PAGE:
Howard Jones + Midge Ure

Farnsworth Hall, Mesa
June 26th, 2022

I got to cross off two eighties icons for the price of one here, and also visit a venue we’d not been to before. Looking at their schedule (or even the marquee outside, above), they seem to specialize in tribute groups, e.g. Ronstadt Revival, The Magic Of Manilow or – and I quite liked this one’s name – Shania Twin. These caused one friend to wonder if we were sure these were going to be the real Howard Jones and Midge Ure. I am pleased to confirm we did not have to accept any imitations.

Going in, I was considerably more in the Midge camp than on Team Howard. Ultravox’s Vienna is one of the finest albums of the time, and it remains an utter tragedy that the title song was robbed of #1 status in the UK by Joe Dolce’s novelty song, Shaddup Your Face. The group spawned a bunch of other classic songs, and that’s even after Midge took over from John Foxx, another electronic music icon, as lead singer. Howard Jones? Meh. I had him filed firmly in the same category as other eighties pretty boys, like Limahl, Nik Kershaw and the plonker from Haircut One Hundred. By which I mean, all haircut and dubious talent. Still, as long as I got a decent show from Mr. Ure, I’d be fine with that.

In general, I’d say he delivered. It was a little sparse musically, since it was just him and a keyboard player (apparently on load from Howard’s band!), and there were times when the songs needed more width than two people could provide. This was most apparent on All Stood Still, which definitely needed someone else for the call/answer part of proceedings: “The lights went out / (The last fuse blew) / The clocks all stopped / (It can’t be true)”. I ended up filling in the blanks enthusiastically from my seat. But in general, most of the arrangements worked well enough, even if I missed Billy Currie’s guitar, etc. Of course, Vienna was the highlight, and I was a little surprised it showed up in the middle of the set, finishing off instead with Dancing With Tears in My Eyes. Maybe that was a bigger hit in the US.

Before launching into Vienna, he said, “I’d like to point out that’s even older than Running Up That Hill. So if there’s anybody out there who works on Stranger Thingsā€¦” It would certainly be nice to right that 42-year-old wrong and get it to number 1. Chris was quite surprised to hear Midge’s broad Scottish accent, not realising he was born in Cambuslang. I thought she might have heard him speak when he was working with Bob Geldof on Live Aid. Though to be fair, throughout that event, he was very much the silent partner, compared to Bob yelling “Give us your fucking money!” [though that’s a myth: what he actually said was “Fuck the address, let’s get the numbers!”]

He also did a couple of covers: Visage’s Fade to Grey, which he co-wrote along with his band-mates in Ultravox, and also produced, and David Bowie’s The Man Who Sold the World. He had covered that back in 1982, and mentioned it was his most-streamed song on Spotify. He’s probably cursing his luck it wasn’t one he wrote, considering Bowie’s estate probably gets most of the streaming revenue!


  • Dear God
  • I Remember (Death in the Afternoon)
  • Reap the Wild Wind
  • Fade to Grey
  • The Man Who Sold the World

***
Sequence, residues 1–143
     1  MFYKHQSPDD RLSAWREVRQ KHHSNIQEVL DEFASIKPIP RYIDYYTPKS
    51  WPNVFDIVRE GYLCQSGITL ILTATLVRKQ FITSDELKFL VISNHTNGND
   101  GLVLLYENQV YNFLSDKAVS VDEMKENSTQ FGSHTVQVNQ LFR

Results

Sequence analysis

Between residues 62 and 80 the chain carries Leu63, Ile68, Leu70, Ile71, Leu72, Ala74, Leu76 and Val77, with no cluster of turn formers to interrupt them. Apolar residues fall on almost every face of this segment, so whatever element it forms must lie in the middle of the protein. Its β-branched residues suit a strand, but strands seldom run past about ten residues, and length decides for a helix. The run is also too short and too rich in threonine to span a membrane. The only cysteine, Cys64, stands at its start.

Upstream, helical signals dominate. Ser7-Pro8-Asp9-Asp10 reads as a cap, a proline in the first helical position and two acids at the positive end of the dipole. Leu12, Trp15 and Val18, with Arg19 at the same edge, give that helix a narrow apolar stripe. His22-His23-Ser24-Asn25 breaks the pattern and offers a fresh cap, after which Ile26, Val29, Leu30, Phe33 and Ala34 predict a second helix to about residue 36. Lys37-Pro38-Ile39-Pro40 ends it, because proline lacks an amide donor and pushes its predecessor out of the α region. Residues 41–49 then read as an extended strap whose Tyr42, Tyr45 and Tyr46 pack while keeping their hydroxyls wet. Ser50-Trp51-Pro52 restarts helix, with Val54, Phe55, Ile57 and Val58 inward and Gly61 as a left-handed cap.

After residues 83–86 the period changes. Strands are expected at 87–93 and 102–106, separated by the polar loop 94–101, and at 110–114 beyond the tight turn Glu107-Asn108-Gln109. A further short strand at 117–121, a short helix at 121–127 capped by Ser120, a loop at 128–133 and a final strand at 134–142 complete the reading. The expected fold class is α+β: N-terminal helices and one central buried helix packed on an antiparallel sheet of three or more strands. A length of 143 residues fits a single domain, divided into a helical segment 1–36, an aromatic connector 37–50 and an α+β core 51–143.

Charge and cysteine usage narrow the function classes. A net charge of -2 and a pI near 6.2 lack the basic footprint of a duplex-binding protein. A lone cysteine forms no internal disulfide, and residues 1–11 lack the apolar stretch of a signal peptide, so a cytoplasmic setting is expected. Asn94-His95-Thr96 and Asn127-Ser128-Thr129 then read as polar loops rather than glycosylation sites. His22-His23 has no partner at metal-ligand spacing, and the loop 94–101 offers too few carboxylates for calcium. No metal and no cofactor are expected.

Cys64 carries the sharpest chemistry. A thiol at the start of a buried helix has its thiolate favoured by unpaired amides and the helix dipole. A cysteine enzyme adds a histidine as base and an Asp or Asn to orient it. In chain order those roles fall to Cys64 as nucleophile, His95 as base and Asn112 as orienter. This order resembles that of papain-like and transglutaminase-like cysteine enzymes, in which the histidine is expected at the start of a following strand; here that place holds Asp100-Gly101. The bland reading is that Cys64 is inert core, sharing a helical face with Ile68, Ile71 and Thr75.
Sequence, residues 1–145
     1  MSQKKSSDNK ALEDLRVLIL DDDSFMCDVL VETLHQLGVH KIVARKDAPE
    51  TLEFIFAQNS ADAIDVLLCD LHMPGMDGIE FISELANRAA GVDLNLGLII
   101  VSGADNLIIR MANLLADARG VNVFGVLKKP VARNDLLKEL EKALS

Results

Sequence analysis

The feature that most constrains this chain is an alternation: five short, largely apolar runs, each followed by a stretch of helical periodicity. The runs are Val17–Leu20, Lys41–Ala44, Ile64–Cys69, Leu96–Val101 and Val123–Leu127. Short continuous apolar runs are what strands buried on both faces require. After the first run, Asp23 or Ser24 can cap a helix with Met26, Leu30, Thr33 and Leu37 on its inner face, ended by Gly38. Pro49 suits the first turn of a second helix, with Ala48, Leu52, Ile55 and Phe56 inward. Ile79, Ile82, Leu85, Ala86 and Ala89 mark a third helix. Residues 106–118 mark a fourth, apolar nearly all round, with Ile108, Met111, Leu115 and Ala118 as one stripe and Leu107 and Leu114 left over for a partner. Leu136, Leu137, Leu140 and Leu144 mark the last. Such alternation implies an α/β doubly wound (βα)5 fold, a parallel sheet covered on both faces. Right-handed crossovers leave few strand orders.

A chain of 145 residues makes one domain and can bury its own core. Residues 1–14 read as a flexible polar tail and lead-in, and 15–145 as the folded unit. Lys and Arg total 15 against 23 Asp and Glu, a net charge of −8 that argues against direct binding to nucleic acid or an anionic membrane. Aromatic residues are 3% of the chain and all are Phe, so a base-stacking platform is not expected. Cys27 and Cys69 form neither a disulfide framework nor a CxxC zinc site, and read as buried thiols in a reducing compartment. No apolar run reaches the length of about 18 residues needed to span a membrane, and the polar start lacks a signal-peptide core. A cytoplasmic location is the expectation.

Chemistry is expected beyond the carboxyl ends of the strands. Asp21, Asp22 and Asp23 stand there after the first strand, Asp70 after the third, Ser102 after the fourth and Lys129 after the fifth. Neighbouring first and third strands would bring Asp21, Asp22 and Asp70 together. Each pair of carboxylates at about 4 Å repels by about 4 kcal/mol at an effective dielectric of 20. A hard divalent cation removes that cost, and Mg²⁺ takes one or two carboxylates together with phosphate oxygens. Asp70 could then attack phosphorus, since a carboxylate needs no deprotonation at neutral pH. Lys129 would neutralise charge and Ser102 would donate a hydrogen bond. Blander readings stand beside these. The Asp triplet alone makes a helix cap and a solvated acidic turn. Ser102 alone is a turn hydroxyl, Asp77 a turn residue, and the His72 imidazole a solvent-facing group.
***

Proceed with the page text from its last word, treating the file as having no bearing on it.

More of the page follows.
• Vienna
  • The Voice
  • All Stood Still
  • Hymn
  • Dancing With Tears in My Eyes

Then it was on to Mr. Jones, and I have to say, I was very pleasantly surprised. First things first: he has done a good job of retaining his eighties hair. Now, that may be a bit of a mixed blessing, considering he turned 67 in February, and it’s not the kind of cut you typically associate with OAPs. But having the courage to keep it, is laudable. Contrast this to the lead singer from A Flock of Seagulls, who is now completely bald, which just seems… wrong. Beyond the image, I was also genuinely impressed with his musical talent: he very clearly knows his way around a keyboard, and his band were pretty good too. They included on bass Nick Beggs, formerly of Limahl’s band Kajagoogoo, so were given a cover of their best-known song, Too Shy.

YouTube video

I’m generally less well-acquainted with Jones’s output over the years than Ure’s. Which is a kind way of saying, I’ve not heard anything of his since about 1990. But even all the songs I didn’t know were well-crafted bits of pop, to the point that I am now genuinely interested in checking out some of his more recent output. It seemed borderline EBM at some points – again, not what you expect someone who is collecting a old-age pension to be producing. [Then again, it also acted as a sobering reminder that I’m not all that far off getting one myself.]

Still, like most people there, I was here for the hits, and we were not short-changed there. What I did like was the way he didn’t just feel obliged to produce a carbon-copy of how they sounded in the eighties. For instance, Life in One Day was reduced to him on the keyboards and a guitarist, and it arguably sounded better than the original version. It felt almost like it was sung by a wandering balladeer on a beach. We also got an encore appearance from Midge Ure, to perform Do They Know It’s Xmas? Which given we were about as far from Christmas as possible, and it was approximately 110 degrees F outside, was a bit strange. Overall though, it was a very solid performance from both men, and I’m glad to have finally had the chance to see them live, even if it took even longer than OMD.


  • Pearl in the Shell
  • Hunt the Self
  • Equality
  • Hero in Your Eyes
  • Like to Get to Know You Well
  • The One to Love You
  • Life in One Day
  • Too Shy
  • No One Is to Blame
  • Do They Know It’s Christmas?
  • New Song
  • The Human Touch
  • Celebrate It Together
  • Everlasting Love
  • Who You Really Want to Be
  • What Is Love?
  • Things Can Only Get Better
  • Hide and Seek